40 years ago THE ….

Posted 6/1/22

40 years ago THE WASHINGTON COUNTY BULLETIN May 27, 1982 Coming in for newspaper mention May 27, was a city meeting in far off Sarona, Wisconsin by Rice Lake, with citizens reportedly unable to find …

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40 years ago THE ….


40 years ago THE WASHINGTON COUNTY BULLETIN May 27, 1982 Coming in for newspaper mention May 27, was a city meeting in far off Sarona, Wisconsin by Rice Lake, with citizens reportedly unable to find their officials while the help was away.

The headline, announcing “Officials brainstorm at resort,” reported further down that the arrangement was costing the city $75 a head.

“It’s in the middle of nowhere,” the then city administrator was reported as telling press. Public works head Carl Carlson, meanwhile, did not attend.

46 years ago

THE HASTINGS GAZETTE June 3, 1976 An immunization clinic was scheduled for June 9 in Washington County, with immunizations costing $1.00 each. Vaccines offered to Washington County residents included those for diphtheria, tetanus, whooping cough (pertussis), polio, measles, and German measles. The Mantoux test for tuberculosis was also given, seeking to head off the deadly lung condition in people.

May 13, 1976 The movies at Cottage Grove 7280 Point Douglas Drive Grove Plaza Shopping Center – 459 – **** Adults $1.50 with children 50 cents “anytime” Hey kids! Be sure to visit the “Game Garden” adjacent to the Movies at Cottage Grove The Movies “Man who would be king” plus “Bite the Bullet” (PG) “The Adventures of Sherlock Holmes” plus “Where Does It Hurt” (PG) Dog Day Afternoon plus “Law and Disorder (R). 50 years ago THE WASHINGTON COUNTY BULLETIN June 1, 1972 Coming in for report some 50 years ago was that area youth James L. Aegerter or Mark Court was struck and killed by a train near the Newport tower.

Aegerter was reported to be laying on the tracks by the train engineer, who couldn’t stop in time.

Also coming in for notice from 50 years ago was that Woodbury was dropping is ward system, with at-large voting for the village council to proceed forthwith.

Coming in for notice form five decades back in terms of the Grove, was news that the Grove shopping center was in need of security, suggestion being to hire a combination maintenance and guard position that shop tenants would then pay for.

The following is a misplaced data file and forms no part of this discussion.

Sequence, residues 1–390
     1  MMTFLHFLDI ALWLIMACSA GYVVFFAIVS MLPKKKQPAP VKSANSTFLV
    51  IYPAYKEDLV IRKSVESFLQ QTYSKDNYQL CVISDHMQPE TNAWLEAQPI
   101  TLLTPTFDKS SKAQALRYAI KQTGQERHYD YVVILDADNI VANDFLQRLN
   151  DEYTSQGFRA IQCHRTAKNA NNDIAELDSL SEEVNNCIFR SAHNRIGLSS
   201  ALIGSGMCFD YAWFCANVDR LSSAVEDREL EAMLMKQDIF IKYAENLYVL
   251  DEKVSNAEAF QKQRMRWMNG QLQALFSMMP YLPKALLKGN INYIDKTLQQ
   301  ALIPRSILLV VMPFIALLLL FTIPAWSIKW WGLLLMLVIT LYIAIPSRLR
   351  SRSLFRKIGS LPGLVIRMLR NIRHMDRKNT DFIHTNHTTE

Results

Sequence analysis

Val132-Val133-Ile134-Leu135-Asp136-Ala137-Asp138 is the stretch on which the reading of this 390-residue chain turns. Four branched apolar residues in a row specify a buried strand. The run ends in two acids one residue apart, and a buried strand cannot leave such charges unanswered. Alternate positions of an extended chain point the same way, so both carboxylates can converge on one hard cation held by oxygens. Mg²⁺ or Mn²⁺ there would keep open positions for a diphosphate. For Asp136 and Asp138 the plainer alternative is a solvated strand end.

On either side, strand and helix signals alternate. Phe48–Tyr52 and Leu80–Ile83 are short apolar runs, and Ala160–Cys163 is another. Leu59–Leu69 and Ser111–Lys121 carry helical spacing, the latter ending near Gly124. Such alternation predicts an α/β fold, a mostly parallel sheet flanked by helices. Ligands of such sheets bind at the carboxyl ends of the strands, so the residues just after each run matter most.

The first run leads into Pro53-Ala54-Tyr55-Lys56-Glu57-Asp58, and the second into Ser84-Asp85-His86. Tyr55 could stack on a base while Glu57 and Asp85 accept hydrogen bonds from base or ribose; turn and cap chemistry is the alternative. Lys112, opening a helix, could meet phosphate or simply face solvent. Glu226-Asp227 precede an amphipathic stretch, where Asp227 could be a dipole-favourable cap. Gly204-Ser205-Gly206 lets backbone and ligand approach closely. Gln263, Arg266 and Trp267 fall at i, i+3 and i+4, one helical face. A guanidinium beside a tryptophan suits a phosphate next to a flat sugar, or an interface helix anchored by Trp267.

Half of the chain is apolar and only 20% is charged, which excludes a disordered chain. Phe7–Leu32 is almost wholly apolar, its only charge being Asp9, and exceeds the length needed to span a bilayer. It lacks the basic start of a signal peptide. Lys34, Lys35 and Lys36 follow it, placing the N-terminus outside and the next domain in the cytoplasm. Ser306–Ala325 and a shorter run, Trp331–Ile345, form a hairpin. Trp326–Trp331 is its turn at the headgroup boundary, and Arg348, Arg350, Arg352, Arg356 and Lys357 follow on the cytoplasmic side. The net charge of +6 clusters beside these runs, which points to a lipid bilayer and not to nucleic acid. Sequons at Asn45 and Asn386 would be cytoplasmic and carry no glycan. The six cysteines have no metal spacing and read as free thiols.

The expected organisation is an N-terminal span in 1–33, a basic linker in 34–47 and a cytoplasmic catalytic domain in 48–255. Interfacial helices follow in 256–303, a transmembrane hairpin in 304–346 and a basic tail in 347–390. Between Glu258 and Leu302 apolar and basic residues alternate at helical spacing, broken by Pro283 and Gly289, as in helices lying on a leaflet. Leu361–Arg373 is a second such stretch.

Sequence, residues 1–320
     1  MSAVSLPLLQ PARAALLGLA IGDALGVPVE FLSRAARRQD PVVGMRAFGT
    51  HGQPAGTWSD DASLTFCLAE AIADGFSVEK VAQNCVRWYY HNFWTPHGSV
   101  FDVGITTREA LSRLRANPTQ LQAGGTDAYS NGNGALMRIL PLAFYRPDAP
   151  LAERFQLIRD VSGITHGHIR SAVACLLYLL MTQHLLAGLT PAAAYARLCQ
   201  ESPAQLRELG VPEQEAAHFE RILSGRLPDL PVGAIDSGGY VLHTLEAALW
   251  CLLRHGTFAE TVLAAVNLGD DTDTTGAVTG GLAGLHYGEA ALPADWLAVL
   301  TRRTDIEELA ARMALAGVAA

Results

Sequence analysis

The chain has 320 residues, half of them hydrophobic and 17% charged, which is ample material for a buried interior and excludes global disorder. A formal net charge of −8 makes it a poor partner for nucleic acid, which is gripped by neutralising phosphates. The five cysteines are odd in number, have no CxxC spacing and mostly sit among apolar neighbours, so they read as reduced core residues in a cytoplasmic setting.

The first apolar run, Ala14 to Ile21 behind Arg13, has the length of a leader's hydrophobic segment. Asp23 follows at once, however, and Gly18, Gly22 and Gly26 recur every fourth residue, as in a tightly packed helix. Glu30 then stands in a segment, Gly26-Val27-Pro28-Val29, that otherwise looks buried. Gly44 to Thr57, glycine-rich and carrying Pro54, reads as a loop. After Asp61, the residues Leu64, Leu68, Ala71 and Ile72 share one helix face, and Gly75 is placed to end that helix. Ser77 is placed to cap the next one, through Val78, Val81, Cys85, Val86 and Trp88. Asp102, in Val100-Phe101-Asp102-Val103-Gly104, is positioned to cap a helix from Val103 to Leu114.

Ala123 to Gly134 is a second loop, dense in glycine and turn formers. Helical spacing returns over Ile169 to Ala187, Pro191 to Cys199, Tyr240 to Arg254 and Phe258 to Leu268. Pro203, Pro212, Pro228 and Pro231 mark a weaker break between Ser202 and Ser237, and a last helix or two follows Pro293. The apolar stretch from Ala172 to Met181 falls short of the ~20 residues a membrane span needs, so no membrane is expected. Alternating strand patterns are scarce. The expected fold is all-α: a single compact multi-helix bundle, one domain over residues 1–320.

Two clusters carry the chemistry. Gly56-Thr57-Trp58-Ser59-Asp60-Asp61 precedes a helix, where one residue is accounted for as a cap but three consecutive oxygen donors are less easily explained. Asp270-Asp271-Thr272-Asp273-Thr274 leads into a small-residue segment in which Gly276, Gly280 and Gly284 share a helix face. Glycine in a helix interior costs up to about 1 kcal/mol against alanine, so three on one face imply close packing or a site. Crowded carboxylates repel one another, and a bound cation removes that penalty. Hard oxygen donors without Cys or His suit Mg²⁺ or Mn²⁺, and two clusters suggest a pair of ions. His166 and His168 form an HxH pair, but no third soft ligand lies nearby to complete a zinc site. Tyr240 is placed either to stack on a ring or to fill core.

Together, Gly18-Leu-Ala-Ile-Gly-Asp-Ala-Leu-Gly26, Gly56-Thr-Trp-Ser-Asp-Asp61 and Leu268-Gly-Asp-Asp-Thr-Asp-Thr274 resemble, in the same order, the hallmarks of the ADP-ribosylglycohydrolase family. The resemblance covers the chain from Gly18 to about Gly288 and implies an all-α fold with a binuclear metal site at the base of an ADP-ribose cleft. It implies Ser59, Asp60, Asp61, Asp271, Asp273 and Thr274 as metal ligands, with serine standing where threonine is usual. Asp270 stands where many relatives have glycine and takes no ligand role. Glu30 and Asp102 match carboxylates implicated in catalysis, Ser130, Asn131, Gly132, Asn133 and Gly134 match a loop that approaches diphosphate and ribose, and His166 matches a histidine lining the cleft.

Meanwhile, not everyone was happy, or seas smooth.

“We’re not here to throw stones,” Mayor Roger Peterson said of the matter, before going on to say that, “but some of the citizens are throwing stones at the council. The end result for mall security was a decision to set up another meeting to has out how things would work, responsibility and payment wise.

Most of the mall problems, meanwhile, were attributed to youth by the adults, as the youth lacked a space to gather and the mall became a place to hang out instead. 61 years ago HASTINGS GAZETTE May 25, 1961 Coming in for notice sixty- one years ago was the news that a $4 million fertilizer plant ($38,676,789.30 after a cumulative 866.9 percent inflation per usinflationcalculator. com) was coming to Pine Bend. The plant would have ground broken June 15 in the Pine Bend industrial complex “ west of Hastings,” while the new mill owner was Northwest Cooperative Mills, Inc. of Saint Paul.

Construction was expected to take from a year to 14 months, and the plant would be built on a 220-acre site one mile east of the junctions of Highways 55 and 52. It was further expected to provide 45 permanent and 100 seasonal jobs for the area, while producing 200,000 tons “of water soluble ammonium phosphate annually,” the Gazette reported. 76 years ago HASTINGS GAZETTE May 17, 1946 NEWPORT-RED ROCK Locals “Mrs. Earl Charter and family of St. Paul were dinner guests at the Earnest Fulfarek home.”

Just across Spring Lake in Dakota County… 164 years ago EMIGRANT AID JOURNAL City of Nininger, Dakota County, Minnesota Territory April 28, 1858 Our State Organization On the first of May, Minnesota will be a State without the formal recognition of Congress; the vote of the people at the late election was almost unanimous that the Constitution be so amended that the State officers, elected last fall, assumed their duties on the first of May, instead of waiting until Congress recognizes our Constitution and withdraws its Territorial Government.

What the effect of this step will be, it is not possible to tell: it is certainly a revolution—a declaration of independence against the Federal authority, without its consent. It may be that the Territorial Government will quietly resign their authority to the new claimants, and the courts of justice recognize the higher law of popular sovereignty, but it does not seem probable that they will do so. The object of the General Government is to keep Minnesota in its present dependent state for some specific purpose, and it will hold its agents responsible for the use they make use of their power in thwarting its object, if they do not resist the assumption of the State officers. We hope its anomalous condition of affairs may prompt Congress to hasten its action for our admission into the Union,and prevent the difficulty and ward off the collision of authority we are hastening into. If Congress is urged by these wise considerations to do us justice, the move to establish our State authority will prove judicious, and we are inclined to think that such will be its effect.

DIED At his residence near Point Douglas, on Sunday, 25th Instant, Bartholomew Moulton, Esq, of paralysis, aged 62 years.

Mr. Moulton was one of the first pioneers in Washington county, where he maintained the character of a worthy member of society, and has left a large family and numerous friends to regret his loss.